20. Ben Jann, 2008. "A Stata implementation of the Blinder-Oaxaca decomposition," ETH Zurich Sociology Working Papers 5, ETH Zurich, Chair of Sociology, revised 14 May 2008.
    21. Behrman, Jere R., 1996. "Measuring the effectiveness of schooling policies in developing countries: Revisiting issues of methodology," Economics of Education Review, Elsevier, vol. 15(4), pages 345-364, October.
    22. Heckman, James, 2013. "Sample selection bias as a specification error," Applied Econometrics, Publishing House "SINERGIA PRESS", vol. 31(3), pages 129-137.
    23. Juhn, Chinhui & Murphy, Kevin M & Pierce, Brooks, 1993. "Wage Inequality and the Rise in Returns to Skill," Journal of Political Economy, University of Chicago Press, vol. 101(3), pages 410-442, June.
    24. Hernandez-Zavala, Martha & Patrinos, Harry Anthony & Sakellariou, Chris & Shapiro, Joseph, 2006. "Quality of schooling and quality of schools for indigenous students in Guatemala, Mexico, and Peru," Policy Research Working Paper Series 3982, The World Bank.
    25. Anne Case & Motohiro Yogo, 1999. "Does School Quality Matter? Returns to Education and the Characteristics of Schools in South Africa," Working Papers 219, Princeton University, Woodrow Wilson School of Public and International Affairs, Research Program in Development Studies..
    26. José Mata & José A. F. Machado, 2005. "Counterfactual decomposition of changes in wage distributions using quantile regression," Journal of Applied Econometrics, John Wiley & Sons, Ltd., vol. 20(4), pages 445-465.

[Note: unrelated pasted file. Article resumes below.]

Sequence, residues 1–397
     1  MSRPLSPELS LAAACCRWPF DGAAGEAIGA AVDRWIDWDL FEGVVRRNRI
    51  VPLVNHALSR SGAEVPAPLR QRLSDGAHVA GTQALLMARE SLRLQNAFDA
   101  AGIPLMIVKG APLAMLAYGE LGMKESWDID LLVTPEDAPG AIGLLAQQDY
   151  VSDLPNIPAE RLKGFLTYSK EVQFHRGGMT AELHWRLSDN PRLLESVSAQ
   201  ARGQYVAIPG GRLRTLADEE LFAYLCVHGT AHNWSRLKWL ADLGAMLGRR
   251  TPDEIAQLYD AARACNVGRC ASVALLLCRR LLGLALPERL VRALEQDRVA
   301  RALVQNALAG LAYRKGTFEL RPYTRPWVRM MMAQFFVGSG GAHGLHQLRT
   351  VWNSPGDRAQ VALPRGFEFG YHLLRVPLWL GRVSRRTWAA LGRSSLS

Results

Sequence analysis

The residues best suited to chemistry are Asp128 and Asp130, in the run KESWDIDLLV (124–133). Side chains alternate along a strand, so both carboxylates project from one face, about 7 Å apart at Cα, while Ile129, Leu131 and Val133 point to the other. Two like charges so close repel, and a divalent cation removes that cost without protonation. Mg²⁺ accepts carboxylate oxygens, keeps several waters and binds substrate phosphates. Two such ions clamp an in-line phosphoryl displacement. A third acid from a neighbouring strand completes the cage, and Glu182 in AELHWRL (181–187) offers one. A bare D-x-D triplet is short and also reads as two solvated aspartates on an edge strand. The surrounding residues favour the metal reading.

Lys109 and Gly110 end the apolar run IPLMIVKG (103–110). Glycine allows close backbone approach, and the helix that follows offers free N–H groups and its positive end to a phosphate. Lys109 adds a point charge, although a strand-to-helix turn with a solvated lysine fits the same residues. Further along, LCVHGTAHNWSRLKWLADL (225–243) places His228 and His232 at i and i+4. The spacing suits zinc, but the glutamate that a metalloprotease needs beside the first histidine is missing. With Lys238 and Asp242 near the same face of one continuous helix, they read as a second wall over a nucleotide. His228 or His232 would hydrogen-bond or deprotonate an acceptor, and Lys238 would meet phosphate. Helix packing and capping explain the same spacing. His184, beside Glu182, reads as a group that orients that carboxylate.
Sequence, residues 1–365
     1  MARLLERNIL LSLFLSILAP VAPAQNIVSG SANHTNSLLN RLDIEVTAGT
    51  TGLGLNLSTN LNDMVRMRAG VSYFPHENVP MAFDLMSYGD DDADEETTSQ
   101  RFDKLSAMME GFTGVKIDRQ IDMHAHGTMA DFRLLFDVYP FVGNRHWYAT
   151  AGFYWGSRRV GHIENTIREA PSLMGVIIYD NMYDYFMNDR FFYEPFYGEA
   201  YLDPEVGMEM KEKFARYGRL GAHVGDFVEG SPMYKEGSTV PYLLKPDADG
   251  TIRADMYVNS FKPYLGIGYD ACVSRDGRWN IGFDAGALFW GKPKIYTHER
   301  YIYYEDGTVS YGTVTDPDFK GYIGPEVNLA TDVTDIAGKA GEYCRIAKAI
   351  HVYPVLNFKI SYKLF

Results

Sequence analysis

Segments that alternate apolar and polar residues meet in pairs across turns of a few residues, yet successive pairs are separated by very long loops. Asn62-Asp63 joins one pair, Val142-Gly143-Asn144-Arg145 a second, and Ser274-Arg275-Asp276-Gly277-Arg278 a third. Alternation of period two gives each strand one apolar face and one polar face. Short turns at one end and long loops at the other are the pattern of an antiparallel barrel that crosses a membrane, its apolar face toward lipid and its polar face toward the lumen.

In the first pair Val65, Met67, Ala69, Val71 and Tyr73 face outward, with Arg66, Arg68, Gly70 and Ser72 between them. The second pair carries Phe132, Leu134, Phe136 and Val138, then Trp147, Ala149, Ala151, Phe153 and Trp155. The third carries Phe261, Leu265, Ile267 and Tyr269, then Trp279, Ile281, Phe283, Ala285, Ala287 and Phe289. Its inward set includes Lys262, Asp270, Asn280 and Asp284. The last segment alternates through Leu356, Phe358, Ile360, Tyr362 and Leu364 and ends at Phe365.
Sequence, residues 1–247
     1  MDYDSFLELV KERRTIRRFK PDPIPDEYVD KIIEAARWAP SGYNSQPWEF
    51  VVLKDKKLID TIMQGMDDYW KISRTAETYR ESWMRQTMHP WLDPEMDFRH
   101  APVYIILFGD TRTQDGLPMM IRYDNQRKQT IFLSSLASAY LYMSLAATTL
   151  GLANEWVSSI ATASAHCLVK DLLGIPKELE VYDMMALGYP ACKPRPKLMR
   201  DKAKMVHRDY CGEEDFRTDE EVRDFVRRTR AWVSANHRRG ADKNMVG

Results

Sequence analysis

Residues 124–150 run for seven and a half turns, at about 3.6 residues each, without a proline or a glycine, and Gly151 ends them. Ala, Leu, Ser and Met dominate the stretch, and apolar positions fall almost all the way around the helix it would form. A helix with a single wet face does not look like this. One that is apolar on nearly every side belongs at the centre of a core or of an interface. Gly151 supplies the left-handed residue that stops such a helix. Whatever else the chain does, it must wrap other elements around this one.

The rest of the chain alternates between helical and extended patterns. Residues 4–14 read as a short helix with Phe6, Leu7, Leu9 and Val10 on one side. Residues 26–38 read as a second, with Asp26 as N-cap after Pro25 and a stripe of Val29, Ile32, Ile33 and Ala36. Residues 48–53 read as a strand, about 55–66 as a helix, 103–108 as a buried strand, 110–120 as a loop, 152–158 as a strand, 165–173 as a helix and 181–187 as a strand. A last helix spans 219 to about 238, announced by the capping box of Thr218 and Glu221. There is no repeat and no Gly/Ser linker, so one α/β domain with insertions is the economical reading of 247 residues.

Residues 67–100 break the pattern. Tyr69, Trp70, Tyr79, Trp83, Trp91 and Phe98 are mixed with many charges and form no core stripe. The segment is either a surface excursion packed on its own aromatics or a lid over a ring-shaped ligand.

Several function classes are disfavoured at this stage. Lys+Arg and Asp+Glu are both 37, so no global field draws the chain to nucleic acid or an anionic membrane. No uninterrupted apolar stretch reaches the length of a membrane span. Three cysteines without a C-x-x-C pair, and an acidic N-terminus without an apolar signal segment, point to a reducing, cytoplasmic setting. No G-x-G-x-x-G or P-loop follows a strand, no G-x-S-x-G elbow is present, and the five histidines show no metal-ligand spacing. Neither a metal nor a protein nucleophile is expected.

27. Servaas van der Berg & Megan Louw, 2007. "Lessons learnt from SACMEQII: South African student performance in regional context," Working Papers 16/2007, Stellenbosch University, Department of Economics.
    28. Dinand Webbink, 2005. "Causal Effects in Education," Journal of Economic Surveys, Wiley Blackwell, vol. 19(4), pages 535-560, September.
    29. Nicholas Spaull, 2012. "Poverty & Privilege: Primary School Inequality in South Africa," Working Papers 13/2012, Stellenbosch University, Department of Economics.
    30. Oaxaca, Ronald L. & Ransom, Michael R., 1994. "On discrimination and the decomposition of wage differentials," Journal of Econometrics, Elsevier, vol. 61(1), pages 5-21, March.
    Full references (including those not matched with items on IDEAS)

    Citations

    Citations are extracted by the CitEc Project, subscribe to its RSS feed for this item.
    as


    Cited by:

    1. Marisa von Fintel & Servaas van der Berg, 2017. "What a difference a good school makes! Persistence in academic performance and the impact of school quality," Working Papers 07/2017, Stellenbosch University, Department of Economics, revised 2017.